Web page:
"Everyone knows the phrase 'bats in the belfry' means crazy in the head. Changing it to 'Bats of Belfry' [makes it] a utopian place," explains Jan Norberg of his band's moniker. "Belfry is your mind; music is inspired in [the] belfry." The Bats of Belfry are a savvy group of songwriters whose music roosts in your head's higher steeples. The fledgling act features a crew of respected Seattle vets already known for sticking to your cranium due to their unusual influences. Frontman Norberg played in defunct duo Gold Rush. Other Bats—Jorum Young, Justin Schwartz, Ryan Kraft, Jason McAllister—were previously members of Cobra High, Vells, and Blessed Light.
Now they've collected around a sound that bends gently between breezy Nuggets pop (or what Norberg calls "a somewhat psychedelic Bee Gees") and heavier, After the Gold Rush–style anthems. Their rock melodies are as richly textured as the celestial harmonies. When multiple members take to the mic, their voices lift the songs into bright, honeyed arcs. Solo, Norberg brings more than a little Bowie to the mix, not surprising since he namechecks the Thin White Duke (and Neil Young) for bringing the "same level of glamour and rock theater."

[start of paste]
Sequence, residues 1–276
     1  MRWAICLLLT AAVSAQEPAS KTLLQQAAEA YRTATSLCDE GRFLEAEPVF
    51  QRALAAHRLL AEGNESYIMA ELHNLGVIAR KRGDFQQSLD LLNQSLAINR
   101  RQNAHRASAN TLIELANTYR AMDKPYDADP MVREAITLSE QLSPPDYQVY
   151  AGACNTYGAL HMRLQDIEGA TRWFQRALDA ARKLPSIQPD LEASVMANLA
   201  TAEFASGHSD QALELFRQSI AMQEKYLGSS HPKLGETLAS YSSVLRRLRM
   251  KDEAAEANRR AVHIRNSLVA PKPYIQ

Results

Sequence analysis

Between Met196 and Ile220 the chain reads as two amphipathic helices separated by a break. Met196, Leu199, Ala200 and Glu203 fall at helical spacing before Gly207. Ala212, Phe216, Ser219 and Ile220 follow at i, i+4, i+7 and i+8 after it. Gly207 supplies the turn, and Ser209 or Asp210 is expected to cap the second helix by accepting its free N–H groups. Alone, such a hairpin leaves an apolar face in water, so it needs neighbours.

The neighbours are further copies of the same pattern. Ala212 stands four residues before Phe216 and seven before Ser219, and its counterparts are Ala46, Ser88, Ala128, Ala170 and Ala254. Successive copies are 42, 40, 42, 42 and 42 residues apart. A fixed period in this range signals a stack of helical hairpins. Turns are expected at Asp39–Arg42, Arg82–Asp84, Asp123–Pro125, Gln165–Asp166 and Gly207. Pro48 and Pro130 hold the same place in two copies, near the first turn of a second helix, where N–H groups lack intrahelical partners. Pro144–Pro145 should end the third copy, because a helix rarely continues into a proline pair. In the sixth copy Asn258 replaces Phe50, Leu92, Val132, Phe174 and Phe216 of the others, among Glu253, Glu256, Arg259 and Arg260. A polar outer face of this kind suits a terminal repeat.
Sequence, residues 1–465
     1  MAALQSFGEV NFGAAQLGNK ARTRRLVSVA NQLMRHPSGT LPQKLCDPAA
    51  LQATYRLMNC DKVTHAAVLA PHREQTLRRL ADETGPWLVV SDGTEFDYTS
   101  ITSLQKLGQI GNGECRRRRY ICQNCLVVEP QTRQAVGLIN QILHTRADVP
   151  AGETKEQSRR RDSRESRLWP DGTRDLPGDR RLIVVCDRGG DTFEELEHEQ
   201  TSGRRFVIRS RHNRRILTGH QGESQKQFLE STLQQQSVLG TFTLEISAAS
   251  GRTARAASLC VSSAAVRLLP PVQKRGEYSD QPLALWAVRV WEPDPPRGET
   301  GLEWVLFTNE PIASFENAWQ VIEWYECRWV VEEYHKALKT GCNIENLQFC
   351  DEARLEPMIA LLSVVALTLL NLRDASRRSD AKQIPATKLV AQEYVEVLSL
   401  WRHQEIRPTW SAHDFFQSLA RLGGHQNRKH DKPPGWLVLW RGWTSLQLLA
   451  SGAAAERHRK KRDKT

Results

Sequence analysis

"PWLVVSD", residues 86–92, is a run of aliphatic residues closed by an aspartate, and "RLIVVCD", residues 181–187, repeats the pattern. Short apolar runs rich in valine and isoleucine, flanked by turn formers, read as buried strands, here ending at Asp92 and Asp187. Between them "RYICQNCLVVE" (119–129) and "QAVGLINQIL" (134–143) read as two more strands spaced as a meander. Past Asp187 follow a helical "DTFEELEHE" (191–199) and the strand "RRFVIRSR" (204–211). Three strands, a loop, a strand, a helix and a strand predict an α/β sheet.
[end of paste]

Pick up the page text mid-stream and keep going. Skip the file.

With only one MySpace page and two shows under their belt (blowing out a speaker at the War Room and opening for the Fiery Furnaces at Neumo's), the Bats of Belfry are quickly becoming a new favorite around town—recording one of the best demos I've heard this year. "We have a fondness for funky bass alongside wiry guitars," says Norberg. "Like [Bowie's] Station to Station, Germanic soul, or Can's 'dark jams.'"
The group also maintains some unusually subtle romanticism. On "Kremlins," Norberg sings of "watching icicles fall" while "nightingale waits for the white girl trapped in these Kremlin walls/damn it all/I should be strong, but I've waited so long/Will she ever call?" Everything about this band places them far from the typical Seattle sphere, as the Bats stay suspended in a haunting Belfry all their email@example.com